The results are presented in three sections. Firstly, the narrative voice of the two lecturers concerned is presented in which they provide the background to distance education theological training in Russia and their reflections on the future use of online training. This has been presented in the background and the literature review section above contextualises the study. This is followed by the descriptive statistical results from the relevant question in the larger survey, that is, students’ preferred method of teaching and communication. Finally, results are drawn from the lecturer course evaluation and experiences of the online DE course that they undertook.

The effectiveness of this training methodology is confirmed by the results of studies presented by two of the authors of this article at the eLearning Stakeholders and Researchers Summit 2017 conference held in Moscow, Russia, in the report ‘Structure and characteristics of communication in distance learning’ (Egorov & Melanina 2017).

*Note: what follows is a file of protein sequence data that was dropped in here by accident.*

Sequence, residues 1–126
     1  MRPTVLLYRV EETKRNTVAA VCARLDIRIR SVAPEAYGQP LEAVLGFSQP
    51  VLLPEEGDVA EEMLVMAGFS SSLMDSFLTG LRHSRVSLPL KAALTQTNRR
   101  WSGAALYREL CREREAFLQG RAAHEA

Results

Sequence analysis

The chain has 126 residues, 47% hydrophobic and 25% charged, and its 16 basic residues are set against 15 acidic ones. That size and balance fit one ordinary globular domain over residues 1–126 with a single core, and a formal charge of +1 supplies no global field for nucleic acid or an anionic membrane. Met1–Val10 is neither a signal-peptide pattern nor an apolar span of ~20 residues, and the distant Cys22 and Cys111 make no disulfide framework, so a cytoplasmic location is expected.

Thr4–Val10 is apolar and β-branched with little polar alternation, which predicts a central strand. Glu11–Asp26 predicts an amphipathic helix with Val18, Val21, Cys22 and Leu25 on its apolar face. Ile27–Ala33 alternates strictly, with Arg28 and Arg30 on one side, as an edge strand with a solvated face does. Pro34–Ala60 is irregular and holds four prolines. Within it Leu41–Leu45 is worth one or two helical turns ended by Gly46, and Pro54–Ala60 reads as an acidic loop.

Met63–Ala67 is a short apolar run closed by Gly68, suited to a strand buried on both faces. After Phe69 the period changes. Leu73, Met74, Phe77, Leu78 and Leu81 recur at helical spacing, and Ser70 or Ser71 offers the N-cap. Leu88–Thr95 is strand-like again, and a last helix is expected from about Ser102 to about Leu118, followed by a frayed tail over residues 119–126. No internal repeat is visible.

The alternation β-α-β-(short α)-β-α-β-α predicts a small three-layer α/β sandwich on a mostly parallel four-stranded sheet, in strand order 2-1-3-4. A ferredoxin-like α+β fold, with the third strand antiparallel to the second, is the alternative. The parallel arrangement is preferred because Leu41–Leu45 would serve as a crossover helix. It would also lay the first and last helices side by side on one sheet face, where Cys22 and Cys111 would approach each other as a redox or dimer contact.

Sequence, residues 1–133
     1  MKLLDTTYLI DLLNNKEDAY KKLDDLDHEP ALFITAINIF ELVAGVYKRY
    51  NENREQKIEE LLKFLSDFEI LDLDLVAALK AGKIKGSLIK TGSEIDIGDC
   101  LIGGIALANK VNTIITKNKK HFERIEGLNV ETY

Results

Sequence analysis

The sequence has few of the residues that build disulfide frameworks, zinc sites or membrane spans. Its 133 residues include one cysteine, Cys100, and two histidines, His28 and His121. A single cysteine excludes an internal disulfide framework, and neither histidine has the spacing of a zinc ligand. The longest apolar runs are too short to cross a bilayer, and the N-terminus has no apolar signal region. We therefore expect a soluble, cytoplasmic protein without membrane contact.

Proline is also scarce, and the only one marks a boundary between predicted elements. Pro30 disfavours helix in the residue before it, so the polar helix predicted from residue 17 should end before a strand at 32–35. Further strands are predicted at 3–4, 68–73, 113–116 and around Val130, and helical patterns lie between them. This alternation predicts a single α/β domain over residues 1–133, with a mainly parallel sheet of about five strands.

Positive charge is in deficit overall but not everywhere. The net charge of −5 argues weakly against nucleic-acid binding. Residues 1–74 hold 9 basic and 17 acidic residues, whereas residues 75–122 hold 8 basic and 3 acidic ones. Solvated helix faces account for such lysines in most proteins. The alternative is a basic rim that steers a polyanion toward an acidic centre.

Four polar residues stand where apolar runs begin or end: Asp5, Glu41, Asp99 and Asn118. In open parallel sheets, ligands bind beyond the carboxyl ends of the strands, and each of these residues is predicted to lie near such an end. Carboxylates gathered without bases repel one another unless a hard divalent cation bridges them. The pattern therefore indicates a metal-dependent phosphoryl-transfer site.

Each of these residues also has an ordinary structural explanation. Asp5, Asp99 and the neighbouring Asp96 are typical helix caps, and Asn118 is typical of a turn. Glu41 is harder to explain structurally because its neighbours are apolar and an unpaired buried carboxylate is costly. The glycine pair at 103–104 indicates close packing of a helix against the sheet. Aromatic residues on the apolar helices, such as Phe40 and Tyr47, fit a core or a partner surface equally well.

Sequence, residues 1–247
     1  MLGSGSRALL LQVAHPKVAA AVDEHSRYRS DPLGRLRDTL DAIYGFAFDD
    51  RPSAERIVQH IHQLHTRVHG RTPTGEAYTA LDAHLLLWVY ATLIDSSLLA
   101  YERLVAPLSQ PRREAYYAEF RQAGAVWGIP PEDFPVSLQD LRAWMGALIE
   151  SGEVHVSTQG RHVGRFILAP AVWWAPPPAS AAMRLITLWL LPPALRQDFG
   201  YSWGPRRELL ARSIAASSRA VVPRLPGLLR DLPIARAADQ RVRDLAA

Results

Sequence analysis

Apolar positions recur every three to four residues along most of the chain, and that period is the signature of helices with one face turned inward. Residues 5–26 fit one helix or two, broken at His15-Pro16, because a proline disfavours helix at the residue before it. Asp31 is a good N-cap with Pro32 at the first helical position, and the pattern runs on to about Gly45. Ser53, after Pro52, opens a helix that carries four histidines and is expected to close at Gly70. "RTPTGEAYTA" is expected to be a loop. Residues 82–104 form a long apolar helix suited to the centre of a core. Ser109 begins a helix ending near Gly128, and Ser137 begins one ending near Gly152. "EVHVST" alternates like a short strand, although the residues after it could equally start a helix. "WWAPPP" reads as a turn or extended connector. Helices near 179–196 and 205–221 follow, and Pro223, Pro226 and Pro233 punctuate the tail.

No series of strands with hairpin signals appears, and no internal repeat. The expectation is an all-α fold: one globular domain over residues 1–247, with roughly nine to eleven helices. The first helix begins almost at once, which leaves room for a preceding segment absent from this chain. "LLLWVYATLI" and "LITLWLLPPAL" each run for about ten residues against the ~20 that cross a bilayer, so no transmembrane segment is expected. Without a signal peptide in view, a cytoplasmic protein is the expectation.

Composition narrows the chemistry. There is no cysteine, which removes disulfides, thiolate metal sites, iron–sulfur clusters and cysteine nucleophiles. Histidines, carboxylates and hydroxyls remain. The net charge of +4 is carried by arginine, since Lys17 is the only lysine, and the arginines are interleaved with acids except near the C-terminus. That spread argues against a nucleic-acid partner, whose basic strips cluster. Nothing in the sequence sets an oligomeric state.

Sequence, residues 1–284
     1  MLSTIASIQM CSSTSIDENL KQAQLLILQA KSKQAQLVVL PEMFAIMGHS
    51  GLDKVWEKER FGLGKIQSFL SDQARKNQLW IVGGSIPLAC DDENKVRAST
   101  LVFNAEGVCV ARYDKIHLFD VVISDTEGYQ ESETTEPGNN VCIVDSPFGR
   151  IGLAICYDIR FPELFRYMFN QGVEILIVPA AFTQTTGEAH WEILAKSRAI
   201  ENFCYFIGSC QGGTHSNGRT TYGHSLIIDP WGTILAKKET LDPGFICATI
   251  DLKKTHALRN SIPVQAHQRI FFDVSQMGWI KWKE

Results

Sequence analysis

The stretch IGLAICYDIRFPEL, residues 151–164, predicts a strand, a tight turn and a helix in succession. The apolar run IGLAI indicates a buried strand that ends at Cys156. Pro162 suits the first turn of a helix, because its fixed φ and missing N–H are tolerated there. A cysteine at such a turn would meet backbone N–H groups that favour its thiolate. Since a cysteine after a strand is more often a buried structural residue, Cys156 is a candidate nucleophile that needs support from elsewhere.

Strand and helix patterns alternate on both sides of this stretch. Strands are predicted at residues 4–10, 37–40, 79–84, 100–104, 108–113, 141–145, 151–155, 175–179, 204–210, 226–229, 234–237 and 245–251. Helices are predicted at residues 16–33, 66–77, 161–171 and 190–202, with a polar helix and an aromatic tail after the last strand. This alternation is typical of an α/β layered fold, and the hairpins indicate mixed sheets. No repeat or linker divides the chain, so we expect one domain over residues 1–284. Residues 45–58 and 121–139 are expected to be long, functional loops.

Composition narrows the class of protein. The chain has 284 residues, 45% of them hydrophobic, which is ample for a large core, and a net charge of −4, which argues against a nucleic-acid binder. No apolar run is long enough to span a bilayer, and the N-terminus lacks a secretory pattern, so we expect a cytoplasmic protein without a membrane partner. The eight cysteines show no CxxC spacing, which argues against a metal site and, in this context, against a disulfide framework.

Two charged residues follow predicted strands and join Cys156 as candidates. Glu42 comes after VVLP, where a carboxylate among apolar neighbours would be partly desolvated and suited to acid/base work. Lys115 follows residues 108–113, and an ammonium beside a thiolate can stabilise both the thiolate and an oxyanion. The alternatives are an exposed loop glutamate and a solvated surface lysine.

In the study mentioned above, in one of the questions, the respondents were asked to express their preference for the model of course designs, either active communication with the teaching instructor and groupmates or video lecture models supplemented with tests and a final course essay (similar to MOOCs ). This question from the study addresses the objective of this research, which is to obtain students’ views on the methods of communication that best suit them.

Here we will only discuss the most significant conclusions regarding the relevance of communication in DE theological education. The options available for this particular question, regarding the preferred method of communication in the quantitative survey, were:

  1. in favour of the existing model – full teacher involvement (face-to-face)

  2. in favour of the model of MOOCs – no teacher involvement (MOOC)

  3. a blended model, where the second model is supplemented by the first one

  4. undecided.

The descriptive results of the questionnaire are presented in Figure 1.

FIGURE 1: Frequency of choice of course presentation communication.